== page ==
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Commercial Contracts: Supreme Court rules on Penalty Clauses

Commercial Contracts: Supreme Court rules on Penalty Clauses
Tuesday 1st December 2015

The Supreme Court recently considered the combined appeal of Cavendish Holding BV v. Talal El Makdessi and ParkingEye Ltd v. Beavis [2015] UKSC 67. The combined appeal examined whether specific contractual clauses were “penalties” and therefore unenforceable.

Traditionally, contracting parties have been free to agree that a specific sum of money will be paid by one party to the other in the event of a breach of contract. Generally, the courts held that if the amount payable under such a clause was a genuine “pre-estimate” of the damage suffered as a result of the breach, the clause would be valid and enforceable. However, if the amount payable was considered to be punitive in nature then the clause would be unenforceable, for example, if the amount to be paid was excessive.

In simplistic terms, the enforceability of a clause was decided by assessing whether the amount payable under the clause exceeded the loss resulting from the breach. If it did, the clause would more than likely be considered to be “punitive” and therefore unenforceable.

The Supreme Court has now rejected this traditional approach, describing it as “ancient” and “haphazard” in the recent combined appeal. The traditional approach has not been abolished however; it has simply been reconstructed and clarified.

Now, the key consideration is whether the clause relating to payment following a breach imposes “a detriment on the contract-breaker out of all proportion to any legitimate interest of the innocent party”. The rationale for this is that the innocent party can have “no proper interest in simply punishing the defaulter”. Therefore, it is likely that the amount payable under a clause taking effect on breach can exceed the amount lost if the innocent party has a legitimate interest in charging that amount and such a figure is proportionate to that interest.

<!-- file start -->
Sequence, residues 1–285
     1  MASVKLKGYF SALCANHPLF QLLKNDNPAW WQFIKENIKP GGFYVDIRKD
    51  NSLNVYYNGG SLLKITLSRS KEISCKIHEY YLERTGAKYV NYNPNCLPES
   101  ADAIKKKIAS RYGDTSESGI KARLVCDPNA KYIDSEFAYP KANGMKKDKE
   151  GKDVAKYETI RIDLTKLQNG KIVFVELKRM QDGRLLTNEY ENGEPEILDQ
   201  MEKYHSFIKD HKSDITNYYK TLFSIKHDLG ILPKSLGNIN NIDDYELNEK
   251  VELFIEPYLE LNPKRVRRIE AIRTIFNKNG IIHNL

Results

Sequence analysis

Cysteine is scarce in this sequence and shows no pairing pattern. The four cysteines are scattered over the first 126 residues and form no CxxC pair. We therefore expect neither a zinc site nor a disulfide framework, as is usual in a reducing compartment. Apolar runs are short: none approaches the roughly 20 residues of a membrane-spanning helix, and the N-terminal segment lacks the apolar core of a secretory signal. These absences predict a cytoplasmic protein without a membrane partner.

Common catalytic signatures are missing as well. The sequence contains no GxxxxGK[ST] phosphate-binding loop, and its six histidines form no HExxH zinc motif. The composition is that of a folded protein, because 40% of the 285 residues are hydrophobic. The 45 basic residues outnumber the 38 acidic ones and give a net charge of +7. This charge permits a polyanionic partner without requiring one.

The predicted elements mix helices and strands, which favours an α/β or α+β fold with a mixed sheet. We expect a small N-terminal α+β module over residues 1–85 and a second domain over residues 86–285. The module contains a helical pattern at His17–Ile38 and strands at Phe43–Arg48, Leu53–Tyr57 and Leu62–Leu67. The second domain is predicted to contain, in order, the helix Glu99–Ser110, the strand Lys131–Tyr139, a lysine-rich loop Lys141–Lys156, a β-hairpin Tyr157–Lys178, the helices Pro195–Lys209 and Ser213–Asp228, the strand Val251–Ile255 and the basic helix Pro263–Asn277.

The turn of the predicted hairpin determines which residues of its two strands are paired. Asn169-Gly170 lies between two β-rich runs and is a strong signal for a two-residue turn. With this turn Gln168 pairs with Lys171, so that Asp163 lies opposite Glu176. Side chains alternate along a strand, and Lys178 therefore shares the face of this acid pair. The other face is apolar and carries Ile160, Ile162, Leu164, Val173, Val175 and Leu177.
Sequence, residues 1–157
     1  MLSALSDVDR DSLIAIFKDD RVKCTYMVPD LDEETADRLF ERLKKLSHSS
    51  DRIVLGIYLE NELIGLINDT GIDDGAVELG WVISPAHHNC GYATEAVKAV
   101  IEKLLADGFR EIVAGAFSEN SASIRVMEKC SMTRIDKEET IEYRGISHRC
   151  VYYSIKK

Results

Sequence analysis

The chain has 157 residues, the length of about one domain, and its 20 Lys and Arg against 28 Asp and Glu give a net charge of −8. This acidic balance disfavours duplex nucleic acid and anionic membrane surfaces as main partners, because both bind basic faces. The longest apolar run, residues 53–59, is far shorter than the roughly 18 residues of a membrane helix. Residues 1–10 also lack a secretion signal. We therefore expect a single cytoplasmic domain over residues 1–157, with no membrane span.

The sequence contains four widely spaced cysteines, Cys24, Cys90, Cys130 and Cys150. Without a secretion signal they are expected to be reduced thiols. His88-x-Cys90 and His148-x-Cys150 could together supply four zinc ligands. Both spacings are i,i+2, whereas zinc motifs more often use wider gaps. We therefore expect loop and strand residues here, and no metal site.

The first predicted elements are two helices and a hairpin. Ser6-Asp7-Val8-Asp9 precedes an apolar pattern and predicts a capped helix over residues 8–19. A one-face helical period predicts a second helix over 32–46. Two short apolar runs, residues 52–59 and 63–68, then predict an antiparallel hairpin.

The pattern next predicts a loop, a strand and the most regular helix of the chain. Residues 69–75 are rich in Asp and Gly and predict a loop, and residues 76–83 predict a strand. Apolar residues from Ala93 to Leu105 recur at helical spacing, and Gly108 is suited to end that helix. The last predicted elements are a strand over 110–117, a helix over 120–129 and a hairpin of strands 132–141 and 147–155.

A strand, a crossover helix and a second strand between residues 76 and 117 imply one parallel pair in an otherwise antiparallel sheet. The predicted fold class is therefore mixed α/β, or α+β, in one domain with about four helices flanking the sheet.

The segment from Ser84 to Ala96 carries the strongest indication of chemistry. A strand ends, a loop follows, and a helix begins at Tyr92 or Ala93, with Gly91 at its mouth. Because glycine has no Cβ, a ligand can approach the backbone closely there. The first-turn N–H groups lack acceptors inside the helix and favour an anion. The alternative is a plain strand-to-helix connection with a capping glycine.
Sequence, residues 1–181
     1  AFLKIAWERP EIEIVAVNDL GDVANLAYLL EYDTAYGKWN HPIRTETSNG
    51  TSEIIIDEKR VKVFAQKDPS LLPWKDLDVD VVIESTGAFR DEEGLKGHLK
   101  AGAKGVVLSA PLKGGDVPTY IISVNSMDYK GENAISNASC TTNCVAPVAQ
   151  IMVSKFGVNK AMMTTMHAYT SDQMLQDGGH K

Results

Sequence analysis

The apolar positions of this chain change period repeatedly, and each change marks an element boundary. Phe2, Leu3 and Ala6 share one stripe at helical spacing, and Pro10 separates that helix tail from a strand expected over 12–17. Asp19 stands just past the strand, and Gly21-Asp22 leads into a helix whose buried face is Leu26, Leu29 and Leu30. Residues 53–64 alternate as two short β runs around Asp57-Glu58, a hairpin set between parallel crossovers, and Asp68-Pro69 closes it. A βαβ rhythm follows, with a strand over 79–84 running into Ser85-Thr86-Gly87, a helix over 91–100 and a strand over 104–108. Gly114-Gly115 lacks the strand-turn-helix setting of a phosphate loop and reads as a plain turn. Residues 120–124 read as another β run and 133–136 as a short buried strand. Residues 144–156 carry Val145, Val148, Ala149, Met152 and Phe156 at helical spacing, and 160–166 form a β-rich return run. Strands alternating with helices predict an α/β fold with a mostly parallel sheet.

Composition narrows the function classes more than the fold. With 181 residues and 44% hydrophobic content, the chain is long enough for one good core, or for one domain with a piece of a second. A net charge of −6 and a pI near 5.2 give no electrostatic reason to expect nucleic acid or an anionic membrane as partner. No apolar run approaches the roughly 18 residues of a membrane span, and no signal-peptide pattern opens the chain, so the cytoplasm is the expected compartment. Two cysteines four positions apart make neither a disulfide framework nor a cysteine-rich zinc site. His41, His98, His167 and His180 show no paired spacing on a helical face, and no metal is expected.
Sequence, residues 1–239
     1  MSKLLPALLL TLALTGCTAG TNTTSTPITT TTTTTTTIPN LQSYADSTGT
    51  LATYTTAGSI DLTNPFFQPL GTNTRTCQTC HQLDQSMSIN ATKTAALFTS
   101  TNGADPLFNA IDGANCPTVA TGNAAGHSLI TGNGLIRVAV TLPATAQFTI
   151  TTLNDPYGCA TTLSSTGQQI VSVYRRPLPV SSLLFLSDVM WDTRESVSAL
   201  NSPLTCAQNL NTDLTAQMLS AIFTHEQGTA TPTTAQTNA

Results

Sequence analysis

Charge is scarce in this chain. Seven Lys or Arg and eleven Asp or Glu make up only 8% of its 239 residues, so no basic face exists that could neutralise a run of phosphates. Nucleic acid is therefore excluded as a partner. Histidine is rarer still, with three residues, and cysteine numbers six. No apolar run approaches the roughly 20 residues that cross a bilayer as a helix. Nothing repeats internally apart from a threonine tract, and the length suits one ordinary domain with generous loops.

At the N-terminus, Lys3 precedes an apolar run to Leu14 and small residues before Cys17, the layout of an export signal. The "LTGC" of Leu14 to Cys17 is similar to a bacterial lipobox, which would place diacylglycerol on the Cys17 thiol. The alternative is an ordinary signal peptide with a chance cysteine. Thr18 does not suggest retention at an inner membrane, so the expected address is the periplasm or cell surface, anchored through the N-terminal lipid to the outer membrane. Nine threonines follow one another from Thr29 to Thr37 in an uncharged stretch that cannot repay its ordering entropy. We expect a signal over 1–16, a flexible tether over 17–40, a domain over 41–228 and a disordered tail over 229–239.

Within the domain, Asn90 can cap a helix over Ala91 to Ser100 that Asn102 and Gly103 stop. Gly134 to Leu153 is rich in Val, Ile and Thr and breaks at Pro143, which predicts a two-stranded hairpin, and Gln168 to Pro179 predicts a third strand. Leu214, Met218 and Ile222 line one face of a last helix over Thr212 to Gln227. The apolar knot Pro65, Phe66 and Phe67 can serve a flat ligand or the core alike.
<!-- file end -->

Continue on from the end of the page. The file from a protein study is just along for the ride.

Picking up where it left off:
The facts of ParkingEye Ltd v. Beavis (one of the two cases forming the combined appeal) perhaps demonstrate the new approach most clearly. In that case, fining an individual £85 for overstaying a free 2 hour car parking limit was enforceable and was not considered to be a penalty clause.

The decision in ParkingEye was arrived at even though ParkingEye (the manager of the car park) suffered no direct loss as a result of any motorist who overstayed the 2 hour car parking limit. This was because the court considered that ParkingEye had a legitimate interest in ensuring that it managed the car park in the interests of the local retail outlets and the public, and did so by preventing motorists from occupying parking spaces for prolonged periods. The court also recognised that ParkingEye could not meet the costs of operating the car park in the manner it did without receiving income from parking fines. As such, imposing a fine of £85 to those individuals who overstayed the 2 hour free parking period was reasonable in the context of its legitimate aims of managing the car park effectively and covering its costs.

The decision of the combined appeals is likely to be well-received. It provides a clearer and more modern approach in considering the enforceability of clauses operating on breach and potentially caters for an element of deterrence beyond mere compensation. However, as there is no exact definition of what is a “legitimate interest” and whether such an interest will be considered as “proportionate”, there is arguably more scope for contracting parties to challenge the enforceability of such clauses.